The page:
When 20-year old Bernice Smith Tongate walked into a California Navy recruiting office in 1917, and proclaimed “Gee, I wish I were a man, I’d join the Navy!,” I’m sure she was blissfully unaware of the impact she was about to have on the American Navy and women’s equality.
Illustrator and artist Howard Chandler Christy (1873-1952) was in earshot of Smith when she announced her wishful declaration. While she was denied admission to the Navy (this time), Christy recruited her to playfully pose in a white cap and sailor blues for this poster urging young men to serve their country. Christy was a renowned magazine illustrator in the late nineteenth and early twentieth centuries, and was a combat artist and war correspondent during the Spanish-American War. Yet, he was most famous for the “Christy Girl,” a depiction of his vision of the idealized American woman. Just like Smith, she was beautiful, modern, and educated, and she loved the outdoors and sports.
Christy was committed to assisting the war effort and many of his Christy Girl paintings were reproduced as posters promoting recruitment, bond sales, victory loans, and service organizations. Posters were a vibrant means of mass communication during World War I and played an essential role in mustering national support. They were designed to inspire, inform, and persuade their audience and to ultimately encourage patriotism and sacrifice.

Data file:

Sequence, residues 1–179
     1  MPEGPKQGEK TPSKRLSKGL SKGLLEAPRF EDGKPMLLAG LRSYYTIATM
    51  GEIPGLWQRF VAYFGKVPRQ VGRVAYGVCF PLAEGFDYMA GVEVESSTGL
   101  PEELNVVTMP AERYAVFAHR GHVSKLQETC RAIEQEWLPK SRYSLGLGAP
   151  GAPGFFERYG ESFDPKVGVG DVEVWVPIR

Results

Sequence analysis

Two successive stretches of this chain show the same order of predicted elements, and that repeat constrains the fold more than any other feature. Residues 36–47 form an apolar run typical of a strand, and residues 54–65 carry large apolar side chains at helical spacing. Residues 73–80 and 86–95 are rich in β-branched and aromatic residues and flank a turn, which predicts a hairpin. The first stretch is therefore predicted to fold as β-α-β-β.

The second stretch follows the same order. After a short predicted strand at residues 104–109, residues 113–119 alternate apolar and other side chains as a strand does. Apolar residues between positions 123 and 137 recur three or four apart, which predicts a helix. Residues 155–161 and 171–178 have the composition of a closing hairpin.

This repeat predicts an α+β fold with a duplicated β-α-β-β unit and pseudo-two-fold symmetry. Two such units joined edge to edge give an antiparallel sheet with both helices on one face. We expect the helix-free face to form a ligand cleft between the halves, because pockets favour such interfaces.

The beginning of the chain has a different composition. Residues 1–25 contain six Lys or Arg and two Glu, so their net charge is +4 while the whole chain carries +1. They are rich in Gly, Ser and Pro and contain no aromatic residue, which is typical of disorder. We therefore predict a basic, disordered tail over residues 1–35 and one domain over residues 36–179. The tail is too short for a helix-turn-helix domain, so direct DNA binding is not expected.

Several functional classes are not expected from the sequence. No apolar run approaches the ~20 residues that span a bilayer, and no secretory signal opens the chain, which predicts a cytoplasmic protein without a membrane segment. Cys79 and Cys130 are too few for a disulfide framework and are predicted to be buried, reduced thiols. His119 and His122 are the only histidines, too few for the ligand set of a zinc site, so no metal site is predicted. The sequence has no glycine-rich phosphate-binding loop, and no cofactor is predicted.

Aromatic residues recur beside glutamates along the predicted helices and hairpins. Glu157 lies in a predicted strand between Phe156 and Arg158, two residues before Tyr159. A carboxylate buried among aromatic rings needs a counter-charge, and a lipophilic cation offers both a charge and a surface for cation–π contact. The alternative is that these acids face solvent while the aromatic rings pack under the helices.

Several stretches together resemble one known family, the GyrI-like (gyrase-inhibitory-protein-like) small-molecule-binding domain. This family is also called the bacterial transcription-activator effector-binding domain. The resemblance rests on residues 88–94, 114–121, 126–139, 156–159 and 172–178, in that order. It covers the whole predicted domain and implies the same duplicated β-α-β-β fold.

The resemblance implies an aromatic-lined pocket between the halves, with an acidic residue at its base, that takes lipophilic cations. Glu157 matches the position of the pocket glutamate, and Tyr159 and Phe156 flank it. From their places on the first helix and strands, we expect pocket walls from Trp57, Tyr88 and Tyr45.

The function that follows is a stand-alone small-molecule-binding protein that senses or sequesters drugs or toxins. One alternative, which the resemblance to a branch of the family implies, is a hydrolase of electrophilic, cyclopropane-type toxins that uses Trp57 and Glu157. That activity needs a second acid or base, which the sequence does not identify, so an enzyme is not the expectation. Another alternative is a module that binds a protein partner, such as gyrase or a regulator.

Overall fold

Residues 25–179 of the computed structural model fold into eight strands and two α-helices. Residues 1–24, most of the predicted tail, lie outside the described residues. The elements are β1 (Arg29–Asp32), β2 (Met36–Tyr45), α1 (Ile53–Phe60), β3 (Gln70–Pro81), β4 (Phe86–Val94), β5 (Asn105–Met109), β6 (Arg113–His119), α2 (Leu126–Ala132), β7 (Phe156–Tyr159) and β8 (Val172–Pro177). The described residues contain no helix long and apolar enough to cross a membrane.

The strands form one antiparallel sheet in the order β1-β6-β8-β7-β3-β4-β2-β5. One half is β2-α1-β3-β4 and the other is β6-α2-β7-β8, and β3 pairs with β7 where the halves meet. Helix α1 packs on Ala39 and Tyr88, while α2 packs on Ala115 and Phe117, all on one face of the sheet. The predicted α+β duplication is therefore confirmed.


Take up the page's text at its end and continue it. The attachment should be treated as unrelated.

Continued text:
Alluring and romanticized images of women were often used to encourage young lads to enlist. However, they also motivated women. Just ten days after Smith posed for Christy, her wish to join the Navy came true. She was the first woman from California conscripted as a Yeoman (F) in the American Navy, and by the end of 1918 there were more than 11,000 active female sailors.
As Christy’s image of Smith infiltrated popular culture it not only enthused young men to sign up, but it also opened the doors for more women to serve in the American Navy, despite one disgruntled colonel who retorted: “First the women wanted to vote. Then Alice Roosevelt started them smoking cigarettes! Now they’re talking about being soldiers. Next thing we know they’ll be cutting off their hair and wearing pants!”
Rebecca Gross is a graduate student in the History of Decorative Arts and Design at Parsons The New School for Design. She is a freelance researcher and writer with an interest in twentieth-century American design and culture.
 Jean Ebbert and Marie-Beth Hall, The First, The Few, The Forgotten: Navy and Marine Corps Women in World War I, (Maryland: US Naval Institute Press, 2002), 23.